On June 18, 2004, a little over ten months after the severance order was signed, Griffin filed an original petition for bill of review in the 172nd District Court of Jefferson County, under cause number E-172,759, with St. Mary being the only named defendant. In his bill of review, Griffin alleged he was precluded from filing an adequate expert report as to St. Mary's medical negligence due to certain “fraudulent and wrongful acts” on the part of St. Mary. Appended to the bill of review were various exhibits ranging from deposition excerpts to discovery responses. On August 25, 2004, St. Mary filed a motion for summary judgment contending that Griffin's bill of review had no merit because he did not prove what “fraudulent or wrongful act” St. Mary had committed.
On October 22, 2004, Griffin filed his response to St. Mary's motion for summary judgment. On November 8, 2004, St. Mary filed a first amended answer to Griffin's bill of review in which St. Mary asserted for the first time the affirmative defense of statute of limitations “as set forth in tex.Rev.Civ. Stat. Ann. art. 4590i, § 10.01 [ (Vernon Supp.2003) ] and pursuant to Texas case law.” On November 16, 2004, Griffin filed a supplemental response to St. Mary's motion for summary judgment attaching a number of exhibits which appear to have been obtained through the discovery process in the medical malpractice suit (Cause Number B-167,158).3
Shortly thereafter, on December 13, 2004, the bill of review action appeared to be placed in an entirely new light by St. Mary upon its filing of an instrument entitled, “Motion To Dismiss For Failure To File An Expert Report Under Section 74.351.” Filed slightly more than one month from the filing of its amended answer, which invoked certain provisions of article 4590i as authority for relief in the bill of review action, St. Mary's dismissal motion of December 13, 2004, depicted the background and authority for its position in the following manner:
This case is a health care liability suit, filed by Plaintiffs as a bill of review on June 19, 2004. On December 1, 2004, Defendant received a faxed letter dated November 29, 2004, from Plaintiffs' Counsel serving the expert report of Dr. Robert Rubin on Defendant. Please see Plaintiff's Notice of Filing Expert Report, attached hereto as Exhibit “A”.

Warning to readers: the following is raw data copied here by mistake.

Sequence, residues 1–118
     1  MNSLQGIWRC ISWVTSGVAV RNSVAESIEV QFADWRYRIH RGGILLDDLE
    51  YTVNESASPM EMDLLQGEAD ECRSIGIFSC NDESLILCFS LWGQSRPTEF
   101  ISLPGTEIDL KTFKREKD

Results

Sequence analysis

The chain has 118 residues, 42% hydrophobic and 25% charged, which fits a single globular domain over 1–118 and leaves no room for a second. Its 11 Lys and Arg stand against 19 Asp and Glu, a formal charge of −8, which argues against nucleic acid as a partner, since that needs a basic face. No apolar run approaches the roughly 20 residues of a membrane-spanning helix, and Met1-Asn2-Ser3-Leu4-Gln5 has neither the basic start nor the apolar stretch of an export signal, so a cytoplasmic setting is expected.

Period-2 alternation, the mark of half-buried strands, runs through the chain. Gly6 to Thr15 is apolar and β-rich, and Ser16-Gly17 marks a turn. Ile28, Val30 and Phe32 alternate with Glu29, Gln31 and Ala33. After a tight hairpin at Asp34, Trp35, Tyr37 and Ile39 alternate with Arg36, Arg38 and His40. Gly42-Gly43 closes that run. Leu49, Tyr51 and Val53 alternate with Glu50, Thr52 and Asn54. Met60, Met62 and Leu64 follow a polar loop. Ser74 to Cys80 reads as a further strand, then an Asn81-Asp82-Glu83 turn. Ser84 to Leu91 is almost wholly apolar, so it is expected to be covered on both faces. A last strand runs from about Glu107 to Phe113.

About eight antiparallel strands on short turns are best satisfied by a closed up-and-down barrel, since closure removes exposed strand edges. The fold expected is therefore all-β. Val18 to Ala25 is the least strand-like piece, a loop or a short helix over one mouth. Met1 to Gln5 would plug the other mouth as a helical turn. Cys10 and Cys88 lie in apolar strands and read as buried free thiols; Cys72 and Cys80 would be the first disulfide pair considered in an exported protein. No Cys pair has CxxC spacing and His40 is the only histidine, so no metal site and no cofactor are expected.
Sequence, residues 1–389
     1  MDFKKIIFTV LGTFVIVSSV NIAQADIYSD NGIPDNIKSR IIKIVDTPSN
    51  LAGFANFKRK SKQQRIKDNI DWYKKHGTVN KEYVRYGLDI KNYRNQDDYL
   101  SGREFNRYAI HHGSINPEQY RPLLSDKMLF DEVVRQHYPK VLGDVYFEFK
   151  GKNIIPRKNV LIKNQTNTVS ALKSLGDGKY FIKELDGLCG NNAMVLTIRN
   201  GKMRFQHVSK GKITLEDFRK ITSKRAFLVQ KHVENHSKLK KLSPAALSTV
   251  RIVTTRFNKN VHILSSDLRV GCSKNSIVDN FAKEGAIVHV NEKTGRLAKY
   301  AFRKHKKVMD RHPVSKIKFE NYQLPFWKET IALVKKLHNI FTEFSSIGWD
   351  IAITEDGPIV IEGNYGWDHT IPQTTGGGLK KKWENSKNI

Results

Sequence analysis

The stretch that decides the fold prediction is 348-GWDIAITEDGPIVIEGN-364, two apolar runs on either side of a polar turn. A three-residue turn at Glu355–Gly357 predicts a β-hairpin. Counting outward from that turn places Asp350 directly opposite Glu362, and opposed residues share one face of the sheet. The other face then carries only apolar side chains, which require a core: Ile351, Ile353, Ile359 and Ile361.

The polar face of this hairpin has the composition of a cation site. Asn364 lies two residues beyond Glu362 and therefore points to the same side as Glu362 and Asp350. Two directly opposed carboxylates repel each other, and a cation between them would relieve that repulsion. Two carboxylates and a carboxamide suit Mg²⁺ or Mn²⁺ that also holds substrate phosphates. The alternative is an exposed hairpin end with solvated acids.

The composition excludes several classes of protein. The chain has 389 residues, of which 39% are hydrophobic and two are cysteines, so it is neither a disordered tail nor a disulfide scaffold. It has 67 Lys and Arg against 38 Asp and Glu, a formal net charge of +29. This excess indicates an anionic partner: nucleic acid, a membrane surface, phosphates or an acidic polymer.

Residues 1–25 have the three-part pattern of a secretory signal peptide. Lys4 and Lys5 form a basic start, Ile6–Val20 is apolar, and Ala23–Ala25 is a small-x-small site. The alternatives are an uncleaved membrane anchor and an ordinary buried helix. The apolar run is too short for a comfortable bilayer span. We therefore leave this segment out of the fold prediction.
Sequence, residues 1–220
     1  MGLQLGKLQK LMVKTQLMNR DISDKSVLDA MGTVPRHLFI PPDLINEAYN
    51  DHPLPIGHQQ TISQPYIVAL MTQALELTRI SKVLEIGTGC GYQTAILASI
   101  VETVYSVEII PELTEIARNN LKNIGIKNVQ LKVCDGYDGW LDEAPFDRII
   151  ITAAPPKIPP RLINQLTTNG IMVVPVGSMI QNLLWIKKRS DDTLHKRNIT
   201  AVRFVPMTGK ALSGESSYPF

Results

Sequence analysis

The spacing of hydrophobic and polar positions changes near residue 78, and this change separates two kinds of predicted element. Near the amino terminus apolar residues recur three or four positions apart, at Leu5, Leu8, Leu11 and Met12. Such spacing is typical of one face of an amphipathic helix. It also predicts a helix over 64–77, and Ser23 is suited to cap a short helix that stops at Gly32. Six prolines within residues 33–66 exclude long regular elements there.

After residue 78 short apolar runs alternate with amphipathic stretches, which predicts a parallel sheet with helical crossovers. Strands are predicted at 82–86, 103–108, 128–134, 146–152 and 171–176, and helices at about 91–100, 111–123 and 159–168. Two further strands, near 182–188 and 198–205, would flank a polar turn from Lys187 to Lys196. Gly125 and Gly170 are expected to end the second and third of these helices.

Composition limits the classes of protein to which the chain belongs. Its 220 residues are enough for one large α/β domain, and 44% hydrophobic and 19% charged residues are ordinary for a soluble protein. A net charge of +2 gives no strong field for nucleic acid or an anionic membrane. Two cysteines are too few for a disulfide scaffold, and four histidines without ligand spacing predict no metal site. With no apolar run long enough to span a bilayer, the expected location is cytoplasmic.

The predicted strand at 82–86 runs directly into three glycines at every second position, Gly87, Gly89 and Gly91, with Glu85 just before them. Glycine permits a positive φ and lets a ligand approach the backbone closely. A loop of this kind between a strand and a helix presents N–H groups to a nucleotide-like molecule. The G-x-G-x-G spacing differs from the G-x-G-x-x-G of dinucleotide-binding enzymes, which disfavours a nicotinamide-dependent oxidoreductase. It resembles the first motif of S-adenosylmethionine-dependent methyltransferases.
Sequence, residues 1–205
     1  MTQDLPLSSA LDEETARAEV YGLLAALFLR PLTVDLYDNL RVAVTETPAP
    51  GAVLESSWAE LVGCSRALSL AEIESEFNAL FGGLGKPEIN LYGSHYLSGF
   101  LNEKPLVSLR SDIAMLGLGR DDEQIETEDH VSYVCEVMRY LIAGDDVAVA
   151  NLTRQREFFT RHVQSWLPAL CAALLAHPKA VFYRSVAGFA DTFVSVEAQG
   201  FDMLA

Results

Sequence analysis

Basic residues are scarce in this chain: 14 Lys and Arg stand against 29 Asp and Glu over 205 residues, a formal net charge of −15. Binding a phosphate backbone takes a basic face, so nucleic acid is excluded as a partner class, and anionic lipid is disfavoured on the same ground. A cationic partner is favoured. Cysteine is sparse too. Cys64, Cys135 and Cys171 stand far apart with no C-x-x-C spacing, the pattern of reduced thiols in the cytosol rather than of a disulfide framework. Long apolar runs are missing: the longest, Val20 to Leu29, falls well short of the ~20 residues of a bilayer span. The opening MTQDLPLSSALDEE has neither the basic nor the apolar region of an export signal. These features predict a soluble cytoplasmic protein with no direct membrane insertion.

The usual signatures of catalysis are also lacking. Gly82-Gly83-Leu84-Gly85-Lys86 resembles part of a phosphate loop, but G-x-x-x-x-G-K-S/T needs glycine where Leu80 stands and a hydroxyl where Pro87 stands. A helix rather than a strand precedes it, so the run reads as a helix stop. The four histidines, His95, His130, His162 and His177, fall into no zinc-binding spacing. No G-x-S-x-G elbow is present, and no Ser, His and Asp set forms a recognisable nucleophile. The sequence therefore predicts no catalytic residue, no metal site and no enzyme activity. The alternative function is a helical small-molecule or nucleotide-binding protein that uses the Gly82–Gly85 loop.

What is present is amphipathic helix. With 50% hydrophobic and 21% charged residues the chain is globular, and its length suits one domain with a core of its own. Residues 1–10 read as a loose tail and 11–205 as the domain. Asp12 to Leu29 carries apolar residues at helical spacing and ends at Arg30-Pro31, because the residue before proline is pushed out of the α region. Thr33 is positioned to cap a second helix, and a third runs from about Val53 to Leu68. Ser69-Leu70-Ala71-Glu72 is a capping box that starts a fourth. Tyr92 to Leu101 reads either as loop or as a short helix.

II. Plaintiffs have not timely filed their expert report:
A bill of review is an independent cause of action brought by a party to a former action seeking to set aside a judgment, which is no longer appealable or subject to a motion for new trial. McEwen v. Harrison, 162 Tex. 125, 131-32, 345 S.W.2d 706, 709-10 (1961); Baker v. Goldsmith, 582 S.W.2d 404, 406 (Tex.1979). As such, this lawsuit is governed by the Texas Medical Liability Act Chapter 74.
In all health care liability claims, the plaintiff, or his or her attorney shall, not later than the 120th day after the date the claim was filed, serve on each party an expert report with a curriculum vitae of each expert listed in the report. § 74.351(a), Tex. Civ. Pract. [sic] & Rem.Code. The report must provide a fair summary of the expert's opinions regarding applicable standards of care, the manner in which the care rendered by the physician or health care provider failed to meet the standards, and the causal relationship between that failure and the injury, harm, or damages claimed. § 74.351(r)(6), Tex. Civ. Pract. [sic] & Rem.Code.